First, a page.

23 August, 2014 / Shawwal 26, 1435

Screening against the disease had also increased because more and more people falling in the vulnerable groups were getting their status timely checked. – File Photo

KARACHI, Aug 8: Sindh has reported 213 human immunodeficiency virus (HIV) cases, which are about 20 per cent more than the year’s first quarter cases, during the April-June quarter, said a Sindh Aids Control Programme report released on Wednesday.

Besides, 10 more cases of acquired immune deficiency syndrome (Aids) were reported at different treatment centres of the SACP from April to June. The programme had reported another 10 new Aids cases during its January-March quarter.

Fearing a surge of the cases to be registered with the programme in the coming months, SACP Manager Dr Arshad Mahmood said that screening against the dreaded disease had also increased because more and more people falling in the vulnerable groups were getting their status timely checked.

According to him, there has been a significant increase in the level of awareness among the masses as social stigma associated with HIV has weakened with the efforts of health providers under the supervision of the Sindh health department and SACP.

It was for this reason that timely detection and treatment of HIV cases had become possible in the province, he said.

Since 1996, in all 4,712 people, including 232 women and 52 children, infected with HIV have been registered in addition to 215 full-blown cases of Aids comprising 184 men, 29 women and two children found across the province, according to SACP surveillance data.

A source in the programme said that the trends of HIV infections were almost similar to the rate of prevalence of the infection in different population segments — injecting drug users (IDU), male sex workers (MSWs), hijra sex workers (HSWs), and female sex workers (FSWs).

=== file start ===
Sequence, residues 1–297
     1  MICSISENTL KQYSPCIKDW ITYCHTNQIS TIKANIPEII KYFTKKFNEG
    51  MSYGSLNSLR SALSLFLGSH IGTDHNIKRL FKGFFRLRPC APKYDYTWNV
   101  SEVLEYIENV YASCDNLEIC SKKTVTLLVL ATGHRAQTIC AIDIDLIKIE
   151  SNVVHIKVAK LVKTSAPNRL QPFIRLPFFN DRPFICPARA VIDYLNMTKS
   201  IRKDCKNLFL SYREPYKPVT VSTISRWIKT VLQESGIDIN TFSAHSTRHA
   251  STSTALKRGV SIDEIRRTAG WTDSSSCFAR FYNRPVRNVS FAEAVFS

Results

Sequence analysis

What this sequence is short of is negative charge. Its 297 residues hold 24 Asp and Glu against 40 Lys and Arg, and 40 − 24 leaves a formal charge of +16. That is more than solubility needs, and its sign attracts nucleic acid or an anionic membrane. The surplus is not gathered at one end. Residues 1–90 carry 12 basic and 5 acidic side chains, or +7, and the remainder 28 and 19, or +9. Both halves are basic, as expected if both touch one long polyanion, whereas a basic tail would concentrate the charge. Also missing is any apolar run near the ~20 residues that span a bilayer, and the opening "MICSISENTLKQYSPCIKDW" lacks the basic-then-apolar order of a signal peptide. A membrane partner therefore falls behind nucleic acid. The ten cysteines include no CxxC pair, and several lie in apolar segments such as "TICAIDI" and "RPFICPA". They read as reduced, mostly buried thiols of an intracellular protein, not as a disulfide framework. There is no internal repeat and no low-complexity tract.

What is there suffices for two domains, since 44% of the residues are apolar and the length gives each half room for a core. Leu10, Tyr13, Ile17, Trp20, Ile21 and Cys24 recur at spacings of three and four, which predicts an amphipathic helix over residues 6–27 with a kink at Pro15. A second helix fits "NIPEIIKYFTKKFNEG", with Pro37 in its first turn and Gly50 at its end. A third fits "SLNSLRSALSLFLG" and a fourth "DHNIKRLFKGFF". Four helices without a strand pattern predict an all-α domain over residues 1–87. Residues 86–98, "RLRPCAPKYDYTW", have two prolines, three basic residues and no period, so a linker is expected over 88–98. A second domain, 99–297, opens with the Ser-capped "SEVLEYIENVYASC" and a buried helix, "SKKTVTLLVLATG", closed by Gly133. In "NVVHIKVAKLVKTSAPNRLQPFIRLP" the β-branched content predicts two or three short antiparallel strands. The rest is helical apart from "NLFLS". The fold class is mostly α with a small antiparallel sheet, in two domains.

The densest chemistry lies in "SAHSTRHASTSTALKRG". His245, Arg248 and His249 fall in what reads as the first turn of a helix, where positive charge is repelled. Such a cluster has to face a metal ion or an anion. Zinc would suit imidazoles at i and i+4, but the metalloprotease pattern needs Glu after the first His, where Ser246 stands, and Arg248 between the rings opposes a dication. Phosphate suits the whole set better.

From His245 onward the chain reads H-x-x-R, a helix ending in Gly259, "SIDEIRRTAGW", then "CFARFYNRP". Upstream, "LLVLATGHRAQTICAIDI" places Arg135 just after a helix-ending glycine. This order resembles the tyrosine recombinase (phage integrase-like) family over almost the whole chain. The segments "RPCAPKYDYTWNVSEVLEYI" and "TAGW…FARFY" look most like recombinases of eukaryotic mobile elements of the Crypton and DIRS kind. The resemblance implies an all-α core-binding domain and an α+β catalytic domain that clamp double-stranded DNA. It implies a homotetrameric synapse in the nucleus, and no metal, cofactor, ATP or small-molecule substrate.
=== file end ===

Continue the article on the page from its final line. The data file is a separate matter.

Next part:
According to the national HIV/Aids surveillance project report of 2011, which provides mapping as well as biological and behavioural information related to HIV infection, infection rate among IDUs has steadily increased from 10.8 per cent in 2005 to 37.8 per cent in 2011 despite various prevention efforts. Not only has the overall prevalence increased, but the number of sites with relatively advanced epidemics has also expanded, the report mentioned.

With an overall HIV prevalence of 5.2 per cent, the HIV epidemic appears to be more established in HSWs than among MSWs and FSWs, according to the report.

As per the latest SACP account of HIV/Aids registered patients, 200 males and 13 females were registered for HIV infection between April and June 2012. The breakdown of mode of HIV transmission was: injecting drug use 115, heterosexual 81, blood or blood product 15, mother-to-child one and unknown (prisoner) one.

A behaviour change communication (BCC) coordinator at the SACP, Dr M. Munawwar Khan, said that the number of people living with HIV/Aids had been increasing in the country due to lack of awareness about its spread. It could be prevented by increasing awareness regarding transmission of the virus and ways for protection, he added.

He said people should be told that HIV could be transmitted only through blood contact of an HIV-infected person. It could be due to direct blood transfusion, sexual interaction, through used needles, syringes, razors, contaminated surgical instruments and also from infected mother to new born, he explained.

Of the 4,712 HIV patients in Sindh, 3,569 (75.74pc) belonged to Karachi, followed by Larkana where 283 live with HIV, Hyderabad 51, Sukkur 25, Mirpurkhas 11, Dadu 13, Sanghar 44, Qambar 10 and others.

Of the 215 Aids patients in the province, 57 lived in Karachi.

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